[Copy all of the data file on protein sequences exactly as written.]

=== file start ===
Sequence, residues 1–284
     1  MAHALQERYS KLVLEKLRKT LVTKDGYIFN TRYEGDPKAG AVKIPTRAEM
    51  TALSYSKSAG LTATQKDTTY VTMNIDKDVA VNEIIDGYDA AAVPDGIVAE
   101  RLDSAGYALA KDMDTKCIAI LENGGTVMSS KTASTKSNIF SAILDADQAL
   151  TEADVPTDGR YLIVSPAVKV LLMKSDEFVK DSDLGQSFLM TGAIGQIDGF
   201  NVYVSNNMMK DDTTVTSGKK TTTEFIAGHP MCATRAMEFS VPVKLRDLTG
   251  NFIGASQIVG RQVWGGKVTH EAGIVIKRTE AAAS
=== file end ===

Sequence, residues 1–284
     1  MAHALQERYS KLVLEKLRKT LVTKDGYIFN TRYEGDPKAG AVKIPTRAEM
    51  TALSYSKSAG LTATQKDTTY VTMNIDKDVA VNEIIDGYDA AAVPDGIVAE
   101  RLDSAGYALA KDMDTKCIAI LENGGTVMSS KTASTKSNIF SAILDADQAL
   151  TEADVPTDGR YLIVSPAVKV LLMKSDEFVK DSDLGQSFLM TGAIGQIDGF
   201  NVYVSNNMMK DDTTVTSGKK TTTEFIAGHP MCATRAMEFS VPVKLRDLTG
   251  NFIGASQIVG RQVWGGKVTH EAGIVIKRTE AAAS